Pretend Arizona governor Kari Lake camped out at Mar-a-Lago for several weeks earlier this year in the hopes of convincing Donald Trump to put her on the ticket with him. But she is not the only one who wants a job said not to be worth a bucket of warm p**s. Gov. Kristi Noem (R-SD) would be happy to get out of South Dakota and move to D.C., even if her job description would simply be: Call up the White House every morning at 8 a.m. to see if the president is still alive, and if so, take the day off. Her other main option after her term is up is to run for the Senate. However, both South Dakota senators, Mike Rounds and John Thune, are likely to be around for many years in the future. So it is basically veep or bust for her.
On Friday, Noem announced her candidacy for the vice presidency by introducing Trump at a rally by saying: "He is the leader, the fighter that our country needs. He has my full and complete endorsement for President of the United States of America." Her endorsement was accompanied by this sign:
Noem isn't the first sitting governor to endorse Trump. Republican Govs. Mike Dunleavy (AK), Jim Justice (WV), and Henry McMaster (SC) beat her to it, but none of them are plausible veeps and Noem is. The only other plausible high-profile female officeholders to endorse Trump so far are Sen. Marsha Blackburn (R-TN) and Rep. Elise Stefanik (R-NY) and neither of them seems to be openly campaigning for the job. Blackburn is not the sharpest knife in the drawer and memories of Sarah Palin still linger in some murky corners of the GOP. Stefanik is young, charismatic, a Harvard graduate (= not stupid) and an opportunist first class. The only problem is that she'd have to give up her safe House seat to run for veep, so she might turn down an offer. Becoming the first female Republican House speaker is a more realistic career goal for her. If you want a list of all the people who have endorsed Trump so far, here it is. There are about 400 of them, including current and former politicians at all levels, plus business leaders, actors, musicians, sports figures, and miscellaneous activists. Because surely the only question that people ask themselves before voting for president is: "Which horse does Brett Favre like?"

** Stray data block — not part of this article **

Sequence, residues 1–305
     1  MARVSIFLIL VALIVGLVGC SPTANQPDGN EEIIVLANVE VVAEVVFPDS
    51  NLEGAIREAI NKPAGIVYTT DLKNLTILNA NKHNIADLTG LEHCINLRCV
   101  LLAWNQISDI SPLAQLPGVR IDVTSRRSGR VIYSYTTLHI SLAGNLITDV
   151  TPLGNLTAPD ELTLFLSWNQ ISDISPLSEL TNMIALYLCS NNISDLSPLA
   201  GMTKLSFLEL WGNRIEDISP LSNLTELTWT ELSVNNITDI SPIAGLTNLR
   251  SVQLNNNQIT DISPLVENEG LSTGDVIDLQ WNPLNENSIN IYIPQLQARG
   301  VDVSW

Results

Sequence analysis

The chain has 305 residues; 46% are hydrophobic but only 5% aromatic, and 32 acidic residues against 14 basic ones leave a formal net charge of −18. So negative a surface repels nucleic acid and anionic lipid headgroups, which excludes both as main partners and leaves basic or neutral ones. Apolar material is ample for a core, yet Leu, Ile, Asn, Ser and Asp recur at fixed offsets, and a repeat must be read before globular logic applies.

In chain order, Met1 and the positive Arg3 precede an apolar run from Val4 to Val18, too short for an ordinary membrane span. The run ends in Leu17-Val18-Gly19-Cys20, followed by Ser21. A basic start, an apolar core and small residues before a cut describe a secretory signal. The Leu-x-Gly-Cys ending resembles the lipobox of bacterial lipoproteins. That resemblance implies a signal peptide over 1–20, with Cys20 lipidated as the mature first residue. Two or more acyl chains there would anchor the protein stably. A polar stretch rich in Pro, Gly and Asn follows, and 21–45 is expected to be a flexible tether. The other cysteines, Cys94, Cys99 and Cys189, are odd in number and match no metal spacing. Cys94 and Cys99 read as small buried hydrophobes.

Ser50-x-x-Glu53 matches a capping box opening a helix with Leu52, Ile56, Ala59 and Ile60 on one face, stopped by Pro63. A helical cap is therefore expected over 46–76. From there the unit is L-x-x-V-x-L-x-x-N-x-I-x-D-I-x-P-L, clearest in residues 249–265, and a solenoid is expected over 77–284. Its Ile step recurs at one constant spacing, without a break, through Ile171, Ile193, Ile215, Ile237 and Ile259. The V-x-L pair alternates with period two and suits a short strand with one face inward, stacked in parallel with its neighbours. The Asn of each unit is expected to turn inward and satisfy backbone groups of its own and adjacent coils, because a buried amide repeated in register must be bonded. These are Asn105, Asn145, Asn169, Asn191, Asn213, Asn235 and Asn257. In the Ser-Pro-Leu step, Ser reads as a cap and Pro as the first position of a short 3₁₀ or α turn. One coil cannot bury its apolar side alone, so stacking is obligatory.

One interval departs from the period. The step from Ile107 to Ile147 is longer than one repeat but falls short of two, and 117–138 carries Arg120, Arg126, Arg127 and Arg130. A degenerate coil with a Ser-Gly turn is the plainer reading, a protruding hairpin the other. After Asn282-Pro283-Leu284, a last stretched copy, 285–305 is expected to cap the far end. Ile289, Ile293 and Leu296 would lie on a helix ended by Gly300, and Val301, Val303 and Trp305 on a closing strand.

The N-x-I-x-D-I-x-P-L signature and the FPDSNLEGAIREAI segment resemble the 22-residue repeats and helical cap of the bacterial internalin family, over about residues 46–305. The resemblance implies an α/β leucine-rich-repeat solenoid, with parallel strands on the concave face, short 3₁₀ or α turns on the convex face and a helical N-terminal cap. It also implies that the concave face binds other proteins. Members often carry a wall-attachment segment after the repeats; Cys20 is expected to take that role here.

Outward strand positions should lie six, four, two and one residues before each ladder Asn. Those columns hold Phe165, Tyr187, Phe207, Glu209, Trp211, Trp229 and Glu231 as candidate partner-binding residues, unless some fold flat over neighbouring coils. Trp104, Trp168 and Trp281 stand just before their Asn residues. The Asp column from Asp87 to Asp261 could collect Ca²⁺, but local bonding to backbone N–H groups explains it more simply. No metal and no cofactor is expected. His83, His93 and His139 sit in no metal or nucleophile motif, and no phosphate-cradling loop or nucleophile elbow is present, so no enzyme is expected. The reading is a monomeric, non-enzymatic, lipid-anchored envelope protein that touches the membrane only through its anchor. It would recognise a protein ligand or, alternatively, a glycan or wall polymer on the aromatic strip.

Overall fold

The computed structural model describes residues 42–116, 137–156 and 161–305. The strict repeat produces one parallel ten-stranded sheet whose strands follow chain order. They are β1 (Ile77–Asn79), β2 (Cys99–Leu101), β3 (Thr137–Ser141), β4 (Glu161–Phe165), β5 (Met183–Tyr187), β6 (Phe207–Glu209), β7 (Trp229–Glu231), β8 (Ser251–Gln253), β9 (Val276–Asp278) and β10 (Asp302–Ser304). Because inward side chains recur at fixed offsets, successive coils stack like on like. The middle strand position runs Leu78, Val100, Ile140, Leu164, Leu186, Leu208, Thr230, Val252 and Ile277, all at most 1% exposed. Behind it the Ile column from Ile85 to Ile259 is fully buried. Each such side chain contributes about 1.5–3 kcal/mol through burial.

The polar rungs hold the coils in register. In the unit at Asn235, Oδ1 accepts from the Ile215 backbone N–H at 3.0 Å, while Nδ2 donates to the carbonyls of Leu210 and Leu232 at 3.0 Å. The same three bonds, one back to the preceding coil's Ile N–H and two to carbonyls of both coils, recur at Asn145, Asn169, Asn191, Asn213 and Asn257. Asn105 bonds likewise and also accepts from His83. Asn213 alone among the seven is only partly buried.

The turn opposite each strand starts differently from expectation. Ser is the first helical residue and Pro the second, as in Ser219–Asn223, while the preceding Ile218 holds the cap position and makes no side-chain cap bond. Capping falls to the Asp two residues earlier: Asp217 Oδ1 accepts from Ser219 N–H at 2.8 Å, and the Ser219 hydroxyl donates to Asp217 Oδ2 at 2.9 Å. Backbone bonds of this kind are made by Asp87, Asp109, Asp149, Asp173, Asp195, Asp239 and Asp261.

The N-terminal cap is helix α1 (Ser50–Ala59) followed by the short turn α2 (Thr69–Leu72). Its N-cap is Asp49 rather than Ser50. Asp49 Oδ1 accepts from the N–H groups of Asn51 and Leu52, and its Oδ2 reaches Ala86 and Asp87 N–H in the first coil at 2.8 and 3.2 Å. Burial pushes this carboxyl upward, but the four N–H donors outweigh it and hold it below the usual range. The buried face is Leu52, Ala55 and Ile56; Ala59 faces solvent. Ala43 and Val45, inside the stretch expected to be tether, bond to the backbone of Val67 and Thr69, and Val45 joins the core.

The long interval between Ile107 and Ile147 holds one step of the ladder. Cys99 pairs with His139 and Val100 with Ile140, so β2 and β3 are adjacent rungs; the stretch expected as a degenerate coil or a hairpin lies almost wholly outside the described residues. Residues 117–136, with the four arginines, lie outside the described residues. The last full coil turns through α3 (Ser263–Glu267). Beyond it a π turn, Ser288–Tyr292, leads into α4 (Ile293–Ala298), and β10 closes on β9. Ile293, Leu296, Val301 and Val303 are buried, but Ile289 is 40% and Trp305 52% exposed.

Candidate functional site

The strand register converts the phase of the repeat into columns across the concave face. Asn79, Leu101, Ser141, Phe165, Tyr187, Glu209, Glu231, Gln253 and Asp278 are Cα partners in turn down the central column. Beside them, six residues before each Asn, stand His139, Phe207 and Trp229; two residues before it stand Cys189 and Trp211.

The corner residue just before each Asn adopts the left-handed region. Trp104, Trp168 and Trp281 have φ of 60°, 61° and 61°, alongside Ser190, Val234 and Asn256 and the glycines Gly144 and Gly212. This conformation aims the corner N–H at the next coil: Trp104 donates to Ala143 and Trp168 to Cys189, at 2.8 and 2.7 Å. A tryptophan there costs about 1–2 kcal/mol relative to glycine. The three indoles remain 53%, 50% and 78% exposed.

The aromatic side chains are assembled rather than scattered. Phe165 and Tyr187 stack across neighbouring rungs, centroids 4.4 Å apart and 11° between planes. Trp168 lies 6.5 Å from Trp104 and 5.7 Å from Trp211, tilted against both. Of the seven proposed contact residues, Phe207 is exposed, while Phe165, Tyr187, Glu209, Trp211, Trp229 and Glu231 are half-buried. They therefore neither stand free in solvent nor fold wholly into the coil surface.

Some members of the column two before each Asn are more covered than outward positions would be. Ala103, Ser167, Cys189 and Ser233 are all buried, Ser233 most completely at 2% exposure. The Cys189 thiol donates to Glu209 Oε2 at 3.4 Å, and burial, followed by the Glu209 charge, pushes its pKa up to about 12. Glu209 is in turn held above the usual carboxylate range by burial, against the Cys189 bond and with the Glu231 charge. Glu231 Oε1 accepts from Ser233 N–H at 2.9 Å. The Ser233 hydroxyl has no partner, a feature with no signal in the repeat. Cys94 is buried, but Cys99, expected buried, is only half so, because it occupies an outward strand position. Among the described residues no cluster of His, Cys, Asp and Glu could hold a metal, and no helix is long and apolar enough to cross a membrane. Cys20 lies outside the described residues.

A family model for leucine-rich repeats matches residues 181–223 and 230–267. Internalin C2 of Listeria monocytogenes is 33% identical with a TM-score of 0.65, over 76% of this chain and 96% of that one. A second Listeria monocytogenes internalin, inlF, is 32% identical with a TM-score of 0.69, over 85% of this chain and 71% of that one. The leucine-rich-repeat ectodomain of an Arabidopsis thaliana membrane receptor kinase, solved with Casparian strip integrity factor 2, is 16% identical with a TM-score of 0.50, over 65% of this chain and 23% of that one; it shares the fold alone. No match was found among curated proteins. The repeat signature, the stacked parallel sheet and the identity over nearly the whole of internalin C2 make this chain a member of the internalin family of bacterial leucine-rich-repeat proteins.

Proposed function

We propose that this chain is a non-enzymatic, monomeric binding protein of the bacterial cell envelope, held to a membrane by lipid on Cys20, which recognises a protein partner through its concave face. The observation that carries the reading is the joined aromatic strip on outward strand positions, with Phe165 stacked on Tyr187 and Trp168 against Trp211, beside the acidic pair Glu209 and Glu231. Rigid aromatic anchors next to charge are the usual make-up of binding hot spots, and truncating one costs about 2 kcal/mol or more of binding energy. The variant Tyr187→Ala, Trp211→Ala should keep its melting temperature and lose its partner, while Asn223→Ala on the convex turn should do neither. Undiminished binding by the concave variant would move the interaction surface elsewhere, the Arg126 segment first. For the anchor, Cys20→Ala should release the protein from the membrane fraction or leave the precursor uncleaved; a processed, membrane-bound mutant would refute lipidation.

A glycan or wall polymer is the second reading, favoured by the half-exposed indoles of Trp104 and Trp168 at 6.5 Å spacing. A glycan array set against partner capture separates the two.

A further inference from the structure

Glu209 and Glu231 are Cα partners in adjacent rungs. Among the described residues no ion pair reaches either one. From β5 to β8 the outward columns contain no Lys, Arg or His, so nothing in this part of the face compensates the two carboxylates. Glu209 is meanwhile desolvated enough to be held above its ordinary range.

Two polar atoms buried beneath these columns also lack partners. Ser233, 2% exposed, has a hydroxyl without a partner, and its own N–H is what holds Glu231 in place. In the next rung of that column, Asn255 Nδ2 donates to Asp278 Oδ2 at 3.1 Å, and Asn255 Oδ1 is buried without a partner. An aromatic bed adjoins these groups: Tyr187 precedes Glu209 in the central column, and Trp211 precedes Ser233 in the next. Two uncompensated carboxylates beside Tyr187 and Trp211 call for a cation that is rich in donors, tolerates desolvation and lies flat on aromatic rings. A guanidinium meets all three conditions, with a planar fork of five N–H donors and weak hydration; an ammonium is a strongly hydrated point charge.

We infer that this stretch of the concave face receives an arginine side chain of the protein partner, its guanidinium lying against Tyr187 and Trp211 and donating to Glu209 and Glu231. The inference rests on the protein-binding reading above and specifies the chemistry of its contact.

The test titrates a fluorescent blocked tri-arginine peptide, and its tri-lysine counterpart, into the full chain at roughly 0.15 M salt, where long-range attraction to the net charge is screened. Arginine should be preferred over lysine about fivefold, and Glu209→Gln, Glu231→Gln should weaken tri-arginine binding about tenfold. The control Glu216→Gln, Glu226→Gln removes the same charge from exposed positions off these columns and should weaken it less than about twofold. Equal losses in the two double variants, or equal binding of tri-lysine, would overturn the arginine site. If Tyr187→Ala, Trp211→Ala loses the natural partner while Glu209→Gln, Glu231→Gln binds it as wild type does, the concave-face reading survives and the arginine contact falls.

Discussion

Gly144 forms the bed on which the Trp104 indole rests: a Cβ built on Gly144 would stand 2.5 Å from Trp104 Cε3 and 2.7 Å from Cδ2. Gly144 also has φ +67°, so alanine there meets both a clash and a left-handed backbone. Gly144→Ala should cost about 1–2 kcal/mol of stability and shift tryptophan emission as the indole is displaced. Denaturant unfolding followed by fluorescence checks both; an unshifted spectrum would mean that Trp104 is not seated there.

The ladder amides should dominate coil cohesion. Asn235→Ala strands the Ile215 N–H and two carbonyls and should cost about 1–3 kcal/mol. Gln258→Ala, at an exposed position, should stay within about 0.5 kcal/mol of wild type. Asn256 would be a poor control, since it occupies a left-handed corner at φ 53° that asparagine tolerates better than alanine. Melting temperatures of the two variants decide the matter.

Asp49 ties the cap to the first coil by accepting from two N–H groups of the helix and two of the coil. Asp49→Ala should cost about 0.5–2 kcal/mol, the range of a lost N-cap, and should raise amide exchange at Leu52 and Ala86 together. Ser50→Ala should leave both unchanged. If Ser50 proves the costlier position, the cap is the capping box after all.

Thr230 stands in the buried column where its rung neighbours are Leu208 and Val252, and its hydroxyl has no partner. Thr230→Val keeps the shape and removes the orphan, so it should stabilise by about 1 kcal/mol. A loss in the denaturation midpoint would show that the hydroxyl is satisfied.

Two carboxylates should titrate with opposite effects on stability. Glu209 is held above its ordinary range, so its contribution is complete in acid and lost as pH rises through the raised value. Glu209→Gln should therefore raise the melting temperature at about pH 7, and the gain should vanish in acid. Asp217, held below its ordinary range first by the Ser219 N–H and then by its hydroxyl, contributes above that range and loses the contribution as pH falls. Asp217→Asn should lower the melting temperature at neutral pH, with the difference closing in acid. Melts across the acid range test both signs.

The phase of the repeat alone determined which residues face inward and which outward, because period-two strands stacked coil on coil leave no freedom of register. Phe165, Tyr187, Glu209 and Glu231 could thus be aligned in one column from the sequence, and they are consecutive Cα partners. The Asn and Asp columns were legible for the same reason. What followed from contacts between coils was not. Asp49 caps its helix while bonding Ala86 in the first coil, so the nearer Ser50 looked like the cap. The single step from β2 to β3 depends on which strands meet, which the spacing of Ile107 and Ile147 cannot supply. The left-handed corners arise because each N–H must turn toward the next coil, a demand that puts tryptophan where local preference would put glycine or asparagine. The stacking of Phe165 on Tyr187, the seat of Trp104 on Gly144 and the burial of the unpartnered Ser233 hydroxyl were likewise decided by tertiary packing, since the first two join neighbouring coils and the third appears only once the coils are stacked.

In his speech, Trump went over old themes. For example, he said: "They're just destroying our country. And if we don't take it back—if we don't take it back in '24, I really believe we're not going to have a country left." Also he referenced his four indictments by saying: "I'm being indicted for you." It's not exactly: "Christ died for your sins," but we're in that ballpark. Evangelicals in the crowd surely understood it, so he didn't have to explain himself to them. That is a good thing because it makes no sense. If Trump had decided not to run, would "they" have indicted the 7,000 attendees for conspiring to overturn an election and hiding secret defense documents? (V)